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Devyn turns sadness from stares into drive to help others with limb differences

Eight-year-old Devyn Whitney has a pink prosthetic leg decorated with pretty sugar skull owls that glow in the dark. It drew a lot of attention on a hot day last summer, when Devyn and her family visited an art fair in their hometown of St. Joseph. And not in a good way.

“I was scared and sad, because people were staring at me,” said Devyn, who was born without a fibula, a rare condition known as fibular hemimelia. She also was missing several bones in her hands, feet and toes.

She had several surgeries, including the amputation of her lower right leg. Five months shy of her third birthday, Devin was fit for her first prosthetic. She’s had 10 since.

“Her amputation has never stopped her,” said her mom, Stephanie Watkins.

While the experience at the art fair was difficult, it prompted Devyn to want to help other kids like her. The family decided to raise money for Mary Free Bed’s Center for Limb Differences, where Devyn has been a patient since she was a baby, and sell bracelets with the words “Devyn’s Defenders.”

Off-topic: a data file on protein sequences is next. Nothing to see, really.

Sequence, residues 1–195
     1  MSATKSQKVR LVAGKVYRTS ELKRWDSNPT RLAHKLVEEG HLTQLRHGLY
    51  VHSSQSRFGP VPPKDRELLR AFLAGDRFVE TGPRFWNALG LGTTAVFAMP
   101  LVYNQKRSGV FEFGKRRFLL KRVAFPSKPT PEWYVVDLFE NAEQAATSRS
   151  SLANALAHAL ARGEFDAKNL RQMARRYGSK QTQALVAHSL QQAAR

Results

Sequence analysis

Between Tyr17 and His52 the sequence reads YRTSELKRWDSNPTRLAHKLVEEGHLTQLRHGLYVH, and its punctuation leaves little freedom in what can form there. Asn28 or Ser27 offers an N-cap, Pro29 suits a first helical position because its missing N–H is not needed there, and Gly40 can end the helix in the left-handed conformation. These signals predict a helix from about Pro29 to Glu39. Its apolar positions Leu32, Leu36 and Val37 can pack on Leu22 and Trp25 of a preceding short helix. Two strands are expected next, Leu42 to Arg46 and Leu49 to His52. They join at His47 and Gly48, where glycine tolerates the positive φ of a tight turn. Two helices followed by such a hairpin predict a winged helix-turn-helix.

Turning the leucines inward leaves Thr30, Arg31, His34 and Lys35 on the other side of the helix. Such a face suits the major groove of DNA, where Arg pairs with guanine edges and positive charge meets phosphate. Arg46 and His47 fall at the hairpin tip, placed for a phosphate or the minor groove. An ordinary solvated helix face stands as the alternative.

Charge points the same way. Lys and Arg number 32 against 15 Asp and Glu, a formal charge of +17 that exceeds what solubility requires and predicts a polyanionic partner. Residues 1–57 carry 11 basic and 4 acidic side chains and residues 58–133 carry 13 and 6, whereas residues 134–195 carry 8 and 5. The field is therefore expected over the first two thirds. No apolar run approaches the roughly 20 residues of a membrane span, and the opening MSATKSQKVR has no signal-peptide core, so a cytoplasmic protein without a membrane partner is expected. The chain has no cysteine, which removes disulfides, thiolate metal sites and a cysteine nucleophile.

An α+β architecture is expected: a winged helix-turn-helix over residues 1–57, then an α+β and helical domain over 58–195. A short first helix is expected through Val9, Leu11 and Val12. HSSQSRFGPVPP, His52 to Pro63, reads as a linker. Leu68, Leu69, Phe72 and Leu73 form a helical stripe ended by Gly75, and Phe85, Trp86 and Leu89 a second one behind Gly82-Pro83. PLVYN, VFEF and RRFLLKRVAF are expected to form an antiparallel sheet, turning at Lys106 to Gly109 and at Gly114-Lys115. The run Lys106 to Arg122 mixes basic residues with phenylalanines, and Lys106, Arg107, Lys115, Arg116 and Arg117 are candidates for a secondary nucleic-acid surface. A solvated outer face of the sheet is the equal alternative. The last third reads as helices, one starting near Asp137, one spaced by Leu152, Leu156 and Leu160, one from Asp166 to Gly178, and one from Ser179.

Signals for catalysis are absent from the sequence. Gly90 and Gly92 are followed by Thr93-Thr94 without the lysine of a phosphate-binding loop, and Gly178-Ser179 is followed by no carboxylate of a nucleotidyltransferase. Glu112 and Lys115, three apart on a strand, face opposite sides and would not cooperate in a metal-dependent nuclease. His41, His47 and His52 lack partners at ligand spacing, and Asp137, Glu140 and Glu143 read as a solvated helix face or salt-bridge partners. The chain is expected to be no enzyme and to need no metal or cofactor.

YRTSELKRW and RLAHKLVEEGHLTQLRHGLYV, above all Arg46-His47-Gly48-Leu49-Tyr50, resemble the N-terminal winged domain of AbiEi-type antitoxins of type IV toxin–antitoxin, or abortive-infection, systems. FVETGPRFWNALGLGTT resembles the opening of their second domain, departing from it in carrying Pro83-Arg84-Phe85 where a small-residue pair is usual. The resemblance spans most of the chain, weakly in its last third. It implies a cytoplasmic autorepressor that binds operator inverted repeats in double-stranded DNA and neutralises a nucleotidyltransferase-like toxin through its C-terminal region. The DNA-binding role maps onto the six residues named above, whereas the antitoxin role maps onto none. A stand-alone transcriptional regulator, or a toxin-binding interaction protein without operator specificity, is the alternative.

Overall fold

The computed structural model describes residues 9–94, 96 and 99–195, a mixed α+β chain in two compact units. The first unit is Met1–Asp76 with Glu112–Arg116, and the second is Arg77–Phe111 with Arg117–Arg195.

“It’s gone above and beyond what we thought would happen,” Stephanie said of the community’s support.

Stephanie, Devyn and her twin brother, RJ, recently presented a check for $1,600 to Dr. Michael Forness, above, and other members of Devyn’s team at the Center for Limb Differences. It will be used to help fund the center’s annual picnic for patients and their families.

Devyn’s story was shared by The Herald-Palladium in St. Joseph, where the family lives. Read “This is Me” here.

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